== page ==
With colleagues from Soundview School, I helped create a presentation about the Collaborative Historical Novel for the Northwest Association of Independent Schools Educator Conference. We use the collaborative novel to teach local history in middle school. I’ll be making the link to their talk available on our http://gather-here-history.squarespace.com/ website when it’s available.

I’ll be giving my Worldbuilding in Historical Fiction talk at the Freeland branch of Sno-Isle Libraries on November 19, as part of their FREE Write Now series. Join me on Whidbey Island for an informative afternoon.

What’s coming up:

Next month we’ll launch two more historical stories as part of our Gather Here children’s imprint. “Timber Town” is about logging and the spotted owl. “Under the Quilt” deals with wartime criticism of Germans. It also addresses how facts can become rumors that are then recorded in history books. We hope you’ll enjoy these new additions to our collection. Please share with the teachers in your life.

We’re feeling the love, and we want to give it away:

Stay tuned for a special giveaway of multiple copies of The Best of It: A Journal of Life, Love, and Dying especially for book clubs, coming in November.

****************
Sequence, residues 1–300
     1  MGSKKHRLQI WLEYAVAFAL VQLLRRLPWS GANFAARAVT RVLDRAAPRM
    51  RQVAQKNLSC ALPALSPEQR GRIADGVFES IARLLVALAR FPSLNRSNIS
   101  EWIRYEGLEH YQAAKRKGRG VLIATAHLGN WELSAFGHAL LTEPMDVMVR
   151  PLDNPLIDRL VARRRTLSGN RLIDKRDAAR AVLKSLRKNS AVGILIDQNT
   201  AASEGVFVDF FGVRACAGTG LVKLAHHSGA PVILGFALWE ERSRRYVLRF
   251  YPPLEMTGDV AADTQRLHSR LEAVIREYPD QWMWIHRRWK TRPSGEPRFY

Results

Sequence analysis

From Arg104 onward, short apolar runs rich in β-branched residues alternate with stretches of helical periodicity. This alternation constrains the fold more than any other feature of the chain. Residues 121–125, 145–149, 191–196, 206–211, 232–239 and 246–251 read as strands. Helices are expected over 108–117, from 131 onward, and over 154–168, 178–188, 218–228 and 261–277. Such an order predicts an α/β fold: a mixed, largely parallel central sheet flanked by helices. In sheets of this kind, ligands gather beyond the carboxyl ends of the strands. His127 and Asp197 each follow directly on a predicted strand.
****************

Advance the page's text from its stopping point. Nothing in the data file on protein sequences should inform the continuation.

December marks the first birthday of Rough Cut: Lessons from Endangered Species. With each purchase, we’re giving away very special original artwork created by New Zealand artist ZR Southcombe to celebrate the animals depicted in the book.

As always, thanks for allowing us to be part of the stories of your lives. Happy reading!

 

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Life, Loss, and Permission to Be

I’ve been putting garden tasks on my to-do lists for months now, and for months, I’ve pushed them aside, popping out only to take care of essentials. Why? What is it that’s keeping me out of one of my happiest places?

I was feeling uncomfortable, antsy, and with a sigh, finally grabbed up the shipment of garlic and seeds I received last week. Best to get this over with while it’s not raining.
I stood in the sun-room feeling guilty, as if I ought to be doing something more “worthy” with my time. What has become of me that growing food and caring for my little precious piece of dirt is unworthy?

I know there is a hole in my life, but also a huge shift in energy and priorities with the recent loss of my mother-in-law. Since my husband’s father died suddenly, nearly nine years ago, we’ve put LaVerne at the top of our list of life concerns. From helping her cope with loss to helping her cope with the onset of dementia, from caring for her in her home and ours, to care in a facility, we’ve been on call for all those years.

She’s gone now. The feeling of being on call? It’s not, yet.

I don’t know where in there the belief came about that I don’t have permission to pursue gardening or cooking or writing (or reading!) with my whole heart.

I need to let that belief go. Celebrate my passions, make space for them, and pursue them, wholeheartedly.

I’m really glad I planted the garlic, and planted a bunch of it. I’m also glad that I didn’t actually get that huge spider in my hair, glad I gave myself permission, to go, and do, and be, wholeheartedly.

What are you glad you gave yourself permission to do today?